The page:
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Home Office evicted asylum seeker with COVID-19 symptoms
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Home Office evicted asylum seeker with COVID-19 symptoms

The Home Office evicted an asylum seeker with mental health problems and symptoms of COIVD-19, leaving him on the streets for over a week, it has emerged. The man has since been rehoused by order of the High Court, but his lawyers say the incident is proof of a policy to refuse asylum accommodation to those with the disease. The case is R (AQS) v Secretary of State for the Home Department [2020] EWHC 843 (Admin).

AQS is a destitute asylum seeker with mental health difficulties. The Home Office accepts that he is entitled to asylum accommodation under section 95 of the Immigration and Asylum Act 1999. He was in shared accommodation until 19 March 2020, when another man moved in. This other man had “a persistent cough and night sweats”, which AQS worried was related to COVID-19.

The next day, AQS awoke with COVID-19 symptoms of his own. He was moved into his own room, but felt that this was too little too late, and there was “an incident” with the manager during which AQS “caused some property damage”. Police were called and AQS was kicked out. Government lawyers now accept that he “may have been unilaterally evicted”.

This was on Friday 20 March, the same day as the government ordered bars, restaurants and cinemas to close in a significant escalation of the coronavirus response.

Over the next few days, AQS tried to get back into asylum accommodation. But when he contacted the organisation that provides accommodation on the department’s behalf, it reportedly told him that:

Home Office guidance for asylum-seekers presenting with Covid-19 symptoms was to call NHS 111 for medical advice.

AQS was also told to “ask for accommodation through the NHS”, according to evidence before the court.

At this point in the narrative, the judgment dryly records that “A call to NHS111 established that NHS111 could not accommodate AQS”.

In the meantime, AQS had been dragging his symptoms around London looking for a place to stay. The family who put him up over the weekend of 21/22 March themselves developed COVID-19 symptoms and had to ask him to leave.

AQS’s solicitors gave up and asked the High Court for an emergency accommodation order on Friday 27 March, by which time AQS had been on the streets for a week. He was finally housed in “a facility operated specifically for those entitled to asylum accommodation with symptoms of Covid-19” on Sunday 29 March.

The wider issue in the case is whether the Home Office operated a policy of refusing to house asylum seekers with COVID-19 symptoms. Mr Justice Robin Knowles found that:

On the evidence, that is not the case at present, and AQS’ accommodation for a short period at a dedicated facility appears to demonstrate that.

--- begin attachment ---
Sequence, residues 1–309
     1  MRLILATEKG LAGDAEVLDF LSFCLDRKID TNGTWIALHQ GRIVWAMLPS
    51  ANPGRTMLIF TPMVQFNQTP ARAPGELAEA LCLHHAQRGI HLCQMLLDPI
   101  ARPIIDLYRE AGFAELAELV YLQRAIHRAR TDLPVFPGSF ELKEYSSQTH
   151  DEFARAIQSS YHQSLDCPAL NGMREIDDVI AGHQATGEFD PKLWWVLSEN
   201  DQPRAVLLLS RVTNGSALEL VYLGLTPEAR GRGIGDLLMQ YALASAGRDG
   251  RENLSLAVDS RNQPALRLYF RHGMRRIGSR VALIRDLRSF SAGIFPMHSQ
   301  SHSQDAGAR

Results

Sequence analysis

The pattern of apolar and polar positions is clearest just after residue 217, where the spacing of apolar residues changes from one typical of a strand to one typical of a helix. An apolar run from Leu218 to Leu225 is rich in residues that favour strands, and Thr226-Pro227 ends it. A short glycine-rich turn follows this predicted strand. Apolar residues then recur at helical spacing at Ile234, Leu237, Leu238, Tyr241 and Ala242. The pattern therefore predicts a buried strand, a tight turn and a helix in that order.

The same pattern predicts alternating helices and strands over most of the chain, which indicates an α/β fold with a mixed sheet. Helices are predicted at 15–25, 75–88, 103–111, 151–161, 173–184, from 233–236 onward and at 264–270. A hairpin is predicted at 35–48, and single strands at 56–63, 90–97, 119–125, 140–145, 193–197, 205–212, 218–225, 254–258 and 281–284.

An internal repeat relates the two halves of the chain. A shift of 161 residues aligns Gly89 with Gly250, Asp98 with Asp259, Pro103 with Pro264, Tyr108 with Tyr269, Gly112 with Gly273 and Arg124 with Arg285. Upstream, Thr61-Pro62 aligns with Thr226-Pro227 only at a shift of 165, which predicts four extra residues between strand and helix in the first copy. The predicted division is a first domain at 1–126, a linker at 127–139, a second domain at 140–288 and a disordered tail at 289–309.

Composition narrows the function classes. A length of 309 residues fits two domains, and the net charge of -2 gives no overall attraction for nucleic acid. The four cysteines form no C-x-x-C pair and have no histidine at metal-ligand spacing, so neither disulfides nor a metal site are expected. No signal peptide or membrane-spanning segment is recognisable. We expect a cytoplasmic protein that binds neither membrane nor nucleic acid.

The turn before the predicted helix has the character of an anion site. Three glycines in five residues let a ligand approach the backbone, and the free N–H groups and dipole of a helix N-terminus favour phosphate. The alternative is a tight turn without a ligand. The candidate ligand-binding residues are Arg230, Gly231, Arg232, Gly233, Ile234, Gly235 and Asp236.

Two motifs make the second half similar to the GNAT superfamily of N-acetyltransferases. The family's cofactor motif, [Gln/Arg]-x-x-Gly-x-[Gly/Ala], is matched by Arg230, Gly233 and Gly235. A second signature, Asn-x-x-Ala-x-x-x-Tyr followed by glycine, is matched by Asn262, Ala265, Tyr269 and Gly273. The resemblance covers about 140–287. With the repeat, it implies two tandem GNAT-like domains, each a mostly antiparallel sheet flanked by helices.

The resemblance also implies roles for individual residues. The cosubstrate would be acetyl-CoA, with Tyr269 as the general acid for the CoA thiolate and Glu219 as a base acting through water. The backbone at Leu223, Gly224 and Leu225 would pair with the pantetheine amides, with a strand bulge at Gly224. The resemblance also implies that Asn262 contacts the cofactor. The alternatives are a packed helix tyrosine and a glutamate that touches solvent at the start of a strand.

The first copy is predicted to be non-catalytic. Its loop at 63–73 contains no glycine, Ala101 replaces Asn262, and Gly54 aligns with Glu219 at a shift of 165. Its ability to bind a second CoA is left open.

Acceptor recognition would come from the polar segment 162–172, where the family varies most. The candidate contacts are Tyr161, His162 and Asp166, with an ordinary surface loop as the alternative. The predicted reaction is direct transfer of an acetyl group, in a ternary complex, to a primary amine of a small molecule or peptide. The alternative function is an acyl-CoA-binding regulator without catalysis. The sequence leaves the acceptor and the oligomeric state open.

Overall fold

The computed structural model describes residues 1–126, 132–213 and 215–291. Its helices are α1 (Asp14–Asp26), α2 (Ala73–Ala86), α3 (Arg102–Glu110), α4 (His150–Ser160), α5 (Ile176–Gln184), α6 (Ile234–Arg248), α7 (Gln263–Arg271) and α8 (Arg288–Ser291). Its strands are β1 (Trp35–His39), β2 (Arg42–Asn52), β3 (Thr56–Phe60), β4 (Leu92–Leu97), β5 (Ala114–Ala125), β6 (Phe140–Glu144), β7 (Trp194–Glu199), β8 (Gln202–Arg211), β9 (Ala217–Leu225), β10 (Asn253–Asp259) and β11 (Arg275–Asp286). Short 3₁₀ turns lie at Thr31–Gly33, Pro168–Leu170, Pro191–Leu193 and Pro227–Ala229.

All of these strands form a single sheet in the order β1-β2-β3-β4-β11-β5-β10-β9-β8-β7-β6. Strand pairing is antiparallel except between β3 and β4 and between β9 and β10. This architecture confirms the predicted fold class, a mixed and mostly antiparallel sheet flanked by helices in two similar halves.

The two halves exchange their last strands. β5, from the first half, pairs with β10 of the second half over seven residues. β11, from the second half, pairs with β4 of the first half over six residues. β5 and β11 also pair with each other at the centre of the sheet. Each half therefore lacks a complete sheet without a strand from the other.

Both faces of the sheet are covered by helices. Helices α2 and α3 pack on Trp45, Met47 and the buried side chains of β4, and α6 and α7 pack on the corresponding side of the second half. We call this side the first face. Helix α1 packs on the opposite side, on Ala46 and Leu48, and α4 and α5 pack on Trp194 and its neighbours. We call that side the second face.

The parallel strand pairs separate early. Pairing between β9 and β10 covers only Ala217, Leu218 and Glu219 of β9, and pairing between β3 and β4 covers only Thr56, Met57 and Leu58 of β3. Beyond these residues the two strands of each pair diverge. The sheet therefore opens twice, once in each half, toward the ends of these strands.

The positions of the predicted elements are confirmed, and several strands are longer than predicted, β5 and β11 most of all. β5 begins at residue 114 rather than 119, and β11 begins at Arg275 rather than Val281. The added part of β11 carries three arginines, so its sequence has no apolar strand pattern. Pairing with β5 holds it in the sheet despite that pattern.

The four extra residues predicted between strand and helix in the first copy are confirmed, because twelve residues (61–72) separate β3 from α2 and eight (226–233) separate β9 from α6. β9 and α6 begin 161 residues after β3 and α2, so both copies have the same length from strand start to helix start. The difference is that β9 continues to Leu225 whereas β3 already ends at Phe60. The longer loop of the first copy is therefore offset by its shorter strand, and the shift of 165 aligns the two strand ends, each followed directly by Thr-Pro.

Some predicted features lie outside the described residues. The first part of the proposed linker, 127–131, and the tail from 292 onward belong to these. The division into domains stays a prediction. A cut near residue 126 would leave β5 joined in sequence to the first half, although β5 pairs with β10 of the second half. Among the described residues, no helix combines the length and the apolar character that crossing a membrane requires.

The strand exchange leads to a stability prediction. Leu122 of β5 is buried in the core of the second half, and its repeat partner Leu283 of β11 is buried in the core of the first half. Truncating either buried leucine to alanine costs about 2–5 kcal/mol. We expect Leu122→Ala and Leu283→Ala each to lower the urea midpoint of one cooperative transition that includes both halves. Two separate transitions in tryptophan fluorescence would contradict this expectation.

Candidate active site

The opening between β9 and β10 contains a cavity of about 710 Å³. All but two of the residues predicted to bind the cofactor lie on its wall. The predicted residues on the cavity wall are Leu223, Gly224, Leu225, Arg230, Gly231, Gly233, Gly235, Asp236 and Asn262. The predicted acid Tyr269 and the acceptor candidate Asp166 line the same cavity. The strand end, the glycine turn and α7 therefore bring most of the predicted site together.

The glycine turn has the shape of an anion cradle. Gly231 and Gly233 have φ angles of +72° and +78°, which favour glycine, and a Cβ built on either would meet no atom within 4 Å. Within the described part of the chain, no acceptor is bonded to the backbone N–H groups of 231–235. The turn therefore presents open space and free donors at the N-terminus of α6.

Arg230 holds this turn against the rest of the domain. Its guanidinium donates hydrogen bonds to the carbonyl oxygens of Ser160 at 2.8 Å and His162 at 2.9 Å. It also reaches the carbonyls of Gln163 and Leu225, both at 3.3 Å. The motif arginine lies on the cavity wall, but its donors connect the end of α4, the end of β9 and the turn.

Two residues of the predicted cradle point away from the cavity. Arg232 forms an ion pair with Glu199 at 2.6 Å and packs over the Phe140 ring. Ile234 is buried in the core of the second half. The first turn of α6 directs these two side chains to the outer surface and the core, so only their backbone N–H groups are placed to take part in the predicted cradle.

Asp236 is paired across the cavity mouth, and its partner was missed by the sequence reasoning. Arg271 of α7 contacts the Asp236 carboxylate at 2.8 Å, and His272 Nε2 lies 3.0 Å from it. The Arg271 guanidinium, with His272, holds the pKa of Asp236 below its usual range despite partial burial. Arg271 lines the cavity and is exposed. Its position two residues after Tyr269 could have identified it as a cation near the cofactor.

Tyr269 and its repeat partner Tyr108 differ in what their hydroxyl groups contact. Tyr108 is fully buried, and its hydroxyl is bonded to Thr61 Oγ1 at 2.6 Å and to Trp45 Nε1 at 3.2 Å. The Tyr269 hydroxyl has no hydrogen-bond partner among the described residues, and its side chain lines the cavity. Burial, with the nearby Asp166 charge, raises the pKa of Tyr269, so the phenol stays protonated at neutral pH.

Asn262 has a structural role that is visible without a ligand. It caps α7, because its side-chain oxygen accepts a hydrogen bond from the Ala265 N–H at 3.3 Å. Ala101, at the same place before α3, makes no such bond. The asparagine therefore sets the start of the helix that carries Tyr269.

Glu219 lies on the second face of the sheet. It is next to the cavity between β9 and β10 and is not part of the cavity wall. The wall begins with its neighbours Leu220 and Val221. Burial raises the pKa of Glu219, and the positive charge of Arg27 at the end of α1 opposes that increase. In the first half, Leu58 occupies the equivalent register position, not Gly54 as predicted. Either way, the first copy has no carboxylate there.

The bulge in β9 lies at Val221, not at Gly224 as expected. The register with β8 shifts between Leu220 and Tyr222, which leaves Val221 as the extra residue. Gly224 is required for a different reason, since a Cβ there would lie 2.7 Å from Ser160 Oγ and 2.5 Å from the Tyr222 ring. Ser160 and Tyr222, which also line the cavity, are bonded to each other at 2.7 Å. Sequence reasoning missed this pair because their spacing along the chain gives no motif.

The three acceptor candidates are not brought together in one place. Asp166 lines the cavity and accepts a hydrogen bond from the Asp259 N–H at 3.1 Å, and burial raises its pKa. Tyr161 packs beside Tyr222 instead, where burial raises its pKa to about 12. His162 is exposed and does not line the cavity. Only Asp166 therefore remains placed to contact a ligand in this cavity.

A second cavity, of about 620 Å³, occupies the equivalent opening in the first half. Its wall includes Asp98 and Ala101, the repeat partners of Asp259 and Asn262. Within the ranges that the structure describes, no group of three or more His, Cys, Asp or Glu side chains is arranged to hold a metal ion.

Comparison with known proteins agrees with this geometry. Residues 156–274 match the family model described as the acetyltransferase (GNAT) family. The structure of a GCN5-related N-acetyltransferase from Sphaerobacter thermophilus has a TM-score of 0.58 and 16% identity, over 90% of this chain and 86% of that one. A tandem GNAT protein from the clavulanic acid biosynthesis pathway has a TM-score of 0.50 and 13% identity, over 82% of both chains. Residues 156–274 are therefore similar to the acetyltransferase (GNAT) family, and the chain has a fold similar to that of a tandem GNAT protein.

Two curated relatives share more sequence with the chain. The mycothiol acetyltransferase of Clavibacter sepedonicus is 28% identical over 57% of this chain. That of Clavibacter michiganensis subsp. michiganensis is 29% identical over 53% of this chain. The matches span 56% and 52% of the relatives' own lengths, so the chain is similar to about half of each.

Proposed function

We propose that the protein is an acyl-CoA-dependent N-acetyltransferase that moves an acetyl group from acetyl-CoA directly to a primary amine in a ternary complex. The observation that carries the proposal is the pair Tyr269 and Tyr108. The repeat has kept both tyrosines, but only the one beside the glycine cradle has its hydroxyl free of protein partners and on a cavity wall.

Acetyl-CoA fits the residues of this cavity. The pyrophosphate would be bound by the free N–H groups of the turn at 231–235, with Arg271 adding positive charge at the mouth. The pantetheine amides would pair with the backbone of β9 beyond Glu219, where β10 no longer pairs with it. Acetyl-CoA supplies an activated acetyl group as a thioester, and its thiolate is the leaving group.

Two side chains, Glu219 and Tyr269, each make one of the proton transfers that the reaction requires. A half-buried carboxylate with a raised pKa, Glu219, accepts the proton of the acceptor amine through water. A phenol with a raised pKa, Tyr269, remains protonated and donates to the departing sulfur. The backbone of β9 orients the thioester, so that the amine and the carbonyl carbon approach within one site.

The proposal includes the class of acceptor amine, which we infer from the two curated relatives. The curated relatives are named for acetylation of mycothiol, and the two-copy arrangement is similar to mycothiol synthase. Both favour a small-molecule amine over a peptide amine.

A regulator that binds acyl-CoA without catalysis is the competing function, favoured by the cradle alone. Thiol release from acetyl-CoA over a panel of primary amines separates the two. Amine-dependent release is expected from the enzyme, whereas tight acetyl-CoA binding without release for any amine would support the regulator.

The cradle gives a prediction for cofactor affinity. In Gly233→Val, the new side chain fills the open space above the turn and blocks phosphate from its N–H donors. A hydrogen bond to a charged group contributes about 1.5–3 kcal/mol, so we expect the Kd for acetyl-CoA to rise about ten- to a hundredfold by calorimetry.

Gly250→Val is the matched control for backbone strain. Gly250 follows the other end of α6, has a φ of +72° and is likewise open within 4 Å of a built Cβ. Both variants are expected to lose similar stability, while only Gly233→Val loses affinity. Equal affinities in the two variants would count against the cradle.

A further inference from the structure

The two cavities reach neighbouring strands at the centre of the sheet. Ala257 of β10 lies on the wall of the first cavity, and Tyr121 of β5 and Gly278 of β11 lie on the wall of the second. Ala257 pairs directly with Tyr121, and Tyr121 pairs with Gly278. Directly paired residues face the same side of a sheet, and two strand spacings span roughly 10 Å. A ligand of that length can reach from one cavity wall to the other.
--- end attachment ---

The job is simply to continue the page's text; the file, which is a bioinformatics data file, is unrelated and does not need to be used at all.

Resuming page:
But the issue of whether such a policy was in place for a crucial public health period in March is left open. Simon Cox, representing AQS, says that “when the High Court ordered Home Office to accommodate our client, they did — and changed their policy”.

The Home Office denies that there was a deliberate policy, admitting only that there had been “a bit of confusion” about whether asylum seekers should be left on the street or not. It told the court that

this has since been clarified, and all staff have been reminded of the correct position … which is that the Secretary of State is continuing to accept applications for accommodation and support and provide the same for those who are eligible. It is obviously unfortunate that the wrong information was given, but this has been (and remains) a fast moving situation, and that error has been identified and corrected.”

The department added that those in asylum accommodation will be allowed to stay there until the end of June (paragraph 25d of the judgment).

The judgment comes with the general disclaimer that “formally, these proceedings for judicial review are at an early stage. All that I say on them is to be regarded as provisional and subject to further evidence, clarification, argument and consideration should the proceedings continue substantively”.

CJ McKinney

CJ is Free Movement's deputy editor. He's here to make sure that the website is on top of everything that happens in the world of immigration law, whether by writing articles, commissioning them out or considering submissions. When not writing about immigration law, CJ covers wider legal affairs at the website Legal Cheek and on Twitter: follow him @mckinneytweets.

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